FIve Minute Photo Shoot: Deviled Avocado Pasta, Take Two

Remember the Deviled Avocado Pasta I made last year with some extra deviled egg yolks?  Because I sure do.  It looked a little something like this:

deviled avocado pasta

Last year, it was more green.  I do not know why.

This year, I made it twice; one time with soba noodles instead of traditional pasta.  So freakin’ good.

deviled avocado pasta

Ohhh yes.

Recipe is here, if you like.

Roasted Delicata Squash with Avocado Sauce

Good lord, I love the colors this time of year.

There’s a whole lotta green still, but you turn a corner and WHAM, there’s the most brilliant orange lit up in the crisp sunshine.

If you happen to get my personal chef newsletter (ahem shameless plug), you saw that I featured pumpkins this month.  Such a novel idea this time of year; I’m so innovative.

And of course, because I got all into pumpkins, I had to cook some.  Running errands yesterday, I happened to park literally across the sidewalk from a small farmers market, where I saw the most adorable little Delicata squash.  Kismet.

Using the super-simple recipe for Avocado Sauce I recently developed for a client’s dinner party (I can never get enough avocado), the goat cheese still banging around in the fridge, and what I hope isn’t the last of my spicy globe basil, I had a Fall Fantasie on my plate, all orange and green and golden brown.

There happened to be both hazelnuts and pumpkin seeds in the pantry, either of which would have been equally good here.  I chose hazelnuts because I am a creature of free will, and for no other reason.  Yes, I dropped on a few miserly drops of truffle oil.  It didn’t need it, but it did gild the lily.

This dish is so pretty and so flavorful, I can see a long tray of it served at Thanksgiving, but it’s certainly nutritious enough for everyday dining.  Don’t forget to serve it with a little salad and some crusty bread.

Roasted Delicata Squash with Avocado Sauce

Yield: 4 servings, plus extra Avocado Sauce

If you tend to have sensitive skin like I do, you might want to consider donning a pair of rubber or latex gloves while preparing raw winter squash. Delicata might not cause the same reaction, but after cutting a butternut years ago and dealing with "Elmer's glue hands" for a week, I don't take any chances.

Ingredients

    For the Squash:
  • 2 Delicata squash (look for ones that have more orange or yellow color to them)
  • 2 tablespoons softened bacon fat, butter, olive oil, or a combination
  • Salt and black pepper, as needed
  • 5 to 10 bay leaves (optional)
  • For the Avocado Sauce:
  • 1 avocado
  • 1 small shallot
  • 3 to 4 tablespoons lemon juice
  • 4 tablespoons butter, melted and cooled slightly
  • Water, as needed
  • 2 tablespoons crème fraîche or sour cream (optional)
  • Salt and pepper
  • To finish:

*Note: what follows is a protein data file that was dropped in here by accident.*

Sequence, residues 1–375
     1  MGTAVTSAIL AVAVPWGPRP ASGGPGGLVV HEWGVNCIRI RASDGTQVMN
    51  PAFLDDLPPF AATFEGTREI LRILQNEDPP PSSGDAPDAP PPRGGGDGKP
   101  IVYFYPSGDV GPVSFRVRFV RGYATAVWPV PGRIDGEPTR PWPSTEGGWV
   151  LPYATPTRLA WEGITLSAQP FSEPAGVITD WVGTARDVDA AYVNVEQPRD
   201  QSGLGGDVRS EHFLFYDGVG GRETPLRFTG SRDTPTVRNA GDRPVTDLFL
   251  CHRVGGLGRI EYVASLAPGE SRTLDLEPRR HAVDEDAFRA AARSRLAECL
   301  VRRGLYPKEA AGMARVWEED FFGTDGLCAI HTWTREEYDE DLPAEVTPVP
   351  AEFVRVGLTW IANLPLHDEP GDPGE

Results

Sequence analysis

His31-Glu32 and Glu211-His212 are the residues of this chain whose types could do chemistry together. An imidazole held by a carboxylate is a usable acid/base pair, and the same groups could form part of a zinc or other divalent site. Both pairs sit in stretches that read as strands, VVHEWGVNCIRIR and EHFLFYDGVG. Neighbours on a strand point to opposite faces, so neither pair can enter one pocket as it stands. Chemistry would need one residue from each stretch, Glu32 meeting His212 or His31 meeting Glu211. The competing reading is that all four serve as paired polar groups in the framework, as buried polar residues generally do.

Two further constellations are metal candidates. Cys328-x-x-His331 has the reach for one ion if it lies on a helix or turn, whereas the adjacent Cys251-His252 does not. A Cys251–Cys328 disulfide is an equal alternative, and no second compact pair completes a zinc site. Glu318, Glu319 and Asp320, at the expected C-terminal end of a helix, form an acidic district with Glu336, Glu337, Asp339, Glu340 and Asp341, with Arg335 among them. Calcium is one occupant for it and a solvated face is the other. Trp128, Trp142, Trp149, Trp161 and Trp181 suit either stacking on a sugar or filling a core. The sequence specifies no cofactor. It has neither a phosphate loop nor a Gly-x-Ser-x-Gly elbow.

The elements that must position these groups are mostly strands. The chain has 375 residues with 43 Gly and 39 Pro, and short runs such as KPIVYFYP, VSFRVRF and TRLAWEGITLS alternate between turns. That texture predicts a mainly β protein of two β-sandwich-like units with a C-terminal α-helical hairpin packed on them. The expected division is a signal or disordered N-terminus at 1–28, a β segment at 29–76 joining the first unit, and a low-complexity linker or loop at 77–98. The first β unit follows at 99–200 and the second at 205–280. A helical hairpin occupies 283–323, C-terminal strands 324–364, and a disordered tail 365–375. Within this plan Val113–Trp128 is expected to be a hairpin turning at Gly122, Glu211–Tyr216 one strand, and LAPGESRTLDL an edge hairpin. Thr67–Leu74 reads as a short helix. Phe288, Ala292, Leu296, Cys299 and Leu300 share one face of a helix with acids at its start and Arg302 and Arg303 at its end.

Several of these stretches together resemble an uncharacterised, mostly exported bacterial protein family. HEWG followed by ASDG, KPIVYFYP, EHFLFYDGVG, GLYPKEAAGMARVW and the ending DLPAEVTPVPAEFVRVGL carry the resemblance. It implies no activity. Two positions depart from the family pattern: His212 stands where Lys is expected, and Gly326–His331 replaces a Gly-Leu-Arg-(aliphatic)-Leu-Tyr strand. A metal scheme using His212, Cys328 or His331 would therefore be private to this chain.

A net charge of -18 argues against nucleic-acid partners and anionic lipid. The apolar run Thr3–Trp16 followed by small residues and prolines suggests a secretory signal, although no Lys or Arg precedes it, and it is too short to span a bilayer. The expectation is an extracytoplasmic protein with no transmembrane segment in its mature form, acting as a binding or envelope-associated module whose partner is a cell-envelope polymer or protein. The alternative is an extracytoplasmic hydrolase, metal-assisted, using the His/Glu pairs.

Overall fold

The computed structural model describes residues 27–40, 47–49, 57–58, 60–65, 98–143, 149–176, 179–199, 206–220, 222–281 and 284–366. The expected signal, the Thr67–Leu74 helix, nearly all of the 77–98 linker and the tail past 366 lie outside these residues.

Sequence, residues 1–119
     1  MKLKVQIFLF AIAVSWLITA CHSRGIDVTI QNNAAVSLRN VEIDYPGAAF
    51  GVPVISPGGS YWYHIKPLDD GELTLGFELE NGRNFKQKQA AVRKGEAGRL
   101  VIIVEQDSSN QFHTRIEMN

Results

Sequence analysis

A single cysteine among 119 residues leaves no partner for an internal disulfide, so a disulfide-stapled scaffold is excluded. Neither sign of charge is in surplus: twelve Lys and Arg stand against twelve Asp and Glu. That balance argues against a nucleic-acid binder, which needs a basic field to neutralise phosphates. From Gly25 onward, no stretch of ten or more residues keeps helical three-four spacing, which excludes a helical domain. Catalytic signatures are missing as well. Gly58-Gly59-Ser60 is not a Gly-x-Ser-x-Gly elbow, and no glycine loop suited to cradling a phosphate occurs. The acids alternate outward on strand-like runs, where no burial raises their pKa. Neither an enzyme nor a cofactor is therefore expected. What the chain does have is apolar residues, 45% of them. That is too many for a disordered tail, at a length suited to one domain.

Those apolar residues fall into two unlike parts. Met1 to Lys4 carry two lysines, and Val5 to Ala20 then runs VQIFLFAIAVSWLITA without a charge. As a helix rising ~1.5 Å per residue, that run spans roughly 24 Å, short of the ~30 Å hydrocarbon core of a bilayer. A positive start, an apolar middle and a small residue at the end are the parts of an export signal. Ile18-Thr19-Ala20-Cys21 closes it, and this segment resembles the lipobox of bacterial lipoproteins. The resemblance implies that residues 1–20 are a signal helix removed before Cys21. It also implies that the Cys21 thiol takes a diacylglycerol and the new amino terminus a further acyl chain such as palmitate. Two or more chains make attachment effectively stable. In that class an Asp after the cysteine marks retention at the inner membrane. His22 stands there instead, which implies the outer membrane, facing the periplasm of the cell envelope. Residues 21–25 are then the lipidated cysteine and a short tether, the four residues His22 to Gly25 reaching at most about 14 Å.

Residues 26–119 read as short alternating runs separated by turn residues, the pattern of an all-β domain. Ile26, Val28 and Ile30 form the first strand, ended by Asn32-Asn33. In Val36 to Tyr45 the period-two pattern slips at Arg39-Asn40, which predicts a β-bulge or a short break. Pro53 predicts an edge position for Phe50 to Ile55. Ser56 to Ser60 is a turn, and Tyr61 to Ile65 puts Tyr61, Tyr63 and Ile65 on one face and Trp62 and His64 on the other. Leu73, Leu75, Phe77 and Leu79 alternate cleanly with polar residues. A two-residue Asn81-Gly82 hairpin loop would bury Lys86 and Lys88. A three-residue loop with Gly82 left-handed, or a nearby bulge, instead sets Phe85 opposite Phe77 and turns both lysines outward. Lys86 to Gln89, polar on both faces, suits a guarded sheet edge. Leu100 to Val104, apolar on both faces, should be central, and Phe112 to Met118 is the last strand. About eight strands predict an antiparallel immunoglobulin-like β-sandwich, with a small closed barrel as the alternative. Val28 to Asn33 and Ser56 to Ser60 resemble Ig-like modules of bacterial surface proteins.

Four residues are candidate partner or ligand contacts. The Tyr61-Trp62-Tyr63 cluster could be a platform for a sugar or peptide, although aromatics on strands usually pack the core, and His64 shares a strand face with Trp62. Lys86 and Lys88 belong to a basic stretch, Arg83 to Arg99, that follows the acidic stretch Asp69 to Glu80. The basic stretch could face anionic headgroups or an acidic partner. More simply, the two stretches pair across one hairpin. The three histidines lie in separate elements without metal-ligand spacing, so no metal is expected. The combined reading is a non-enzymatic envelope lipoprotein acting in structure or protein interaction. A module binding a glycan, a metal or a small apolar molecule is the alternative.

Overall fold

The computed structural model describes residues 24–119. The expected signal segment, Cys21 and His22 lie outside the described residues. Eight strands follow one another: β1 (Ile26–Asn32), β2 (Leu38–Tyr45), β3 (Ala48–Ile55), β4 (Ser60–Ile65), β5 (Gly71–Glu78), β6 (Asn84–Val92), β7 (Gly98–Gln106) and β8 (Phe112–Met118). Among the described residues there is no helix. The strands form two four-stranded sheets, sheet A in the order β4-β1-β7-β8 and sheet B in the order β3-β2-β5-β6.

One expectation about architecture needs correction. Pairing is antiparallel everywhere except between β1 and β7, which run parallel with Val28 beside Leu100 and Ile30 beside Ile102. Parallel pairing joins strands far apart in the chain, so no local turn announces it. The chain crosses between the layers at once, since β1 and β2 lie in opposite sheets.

• Goat cheese (4 to 6 ounces should do it for 4 servings)
  • Toasted and chopped hazelnuts (about 1/4 cup)
  • Fresh basil
  • Extra-virgin olive oil (optional)
  • Truffle oil (optional)

Instructions

For the Delicata Squash:

1. Preheat oven to 375º F, and position a rack in the middle.

2. Line a baking sheet with parchment paper (optional, but absolutely prevents any sticking).

3. Slice the squash in half lengthwise, and scoop out the seeds (either roast those separately or discard). Halve the squash with a diagonal cut, and then again, cutting each squash into 8 long triangles. You can, of course, cut it any way you like, as long as the pieces are about the same size.

4. Put the squash on the prepared pan, and rub the pieces with the softened bacon fat (or whatever you're using) until evenly coated. Sprinkle generously with salt and black pepper. Scatter the bay leaves around the squash.

5. Roast for 45 to 60 minutes, or until browned on the edges and the flesh is soft (check by piercing with a sharp knife; it should meet no resistance). Let cool slightly.

6. While the squash roasts, prepare the Avocado Sauce, and toast and chop the hazelnuts.

For the Avocado Sauce:

1. Roughly chop the avocado and shallot. Purée with 3 tablespoons of the lemon juice in a small food processor, scraping the sides as needed.

2. While the processor is still running, drizzle in the melted butter. If the sauce looks very thick, add water by tablespoons as needed to thin.

3. The sauce will taste a little flat and tart at this point. Sample it, and add salt, pepper, and/or additional lemon juice to taste. Add a spoonful of crème fraîche or sour cream if you have it, and the mood strikes you.

4. Strain the sauce through a fine mesh sieve to remove any lumps. You may need a spatula to force it through. If making a day or so in advance, cover and refrigerate until ready to use. If you want a warm sauce, or if it becomes too thick in the fridge, gently heat it in a small saucepan over low heat, or in the microwave on short bursts.

To finish:

1. Put a few pieces of squash on a plate. Spoon some avocado sauce over the top, and crumble the goat cheese over that. Scatter the hazelnuts and basil leaves (torn into small pieces if large) around the plate, and drizzle with olive oil if you like.

2. If using truffle oil, carefully drop on a very few drops (only a VERY FEW please!). The focus isn't truffle here, so please use it judiciously. I'm talking 4 or 5 drops on the whole plate. It's potent stuff.

http://www.onehundredeggs.com/roasted-delicata-squash-with-avocado-sauce/

Deviled Avocado Pasta

 

On the first Saturday of May each year, I throw a Kentucky Derby party.  It might just be my second favorite holiday, a close second to Christmas, which has significant charms (the tree! eggnog! sparkly lights!).  Derby does have its significant charms as well (hats! Bourbon! ponies!).

Every Derby, I make a ridiculous hat, I have more Bourbon on hand than is humanly possible to consume (one assumes, anyway), I make sure the television is showing the race, and I like to serve deviled eggs.  It just seems fitting.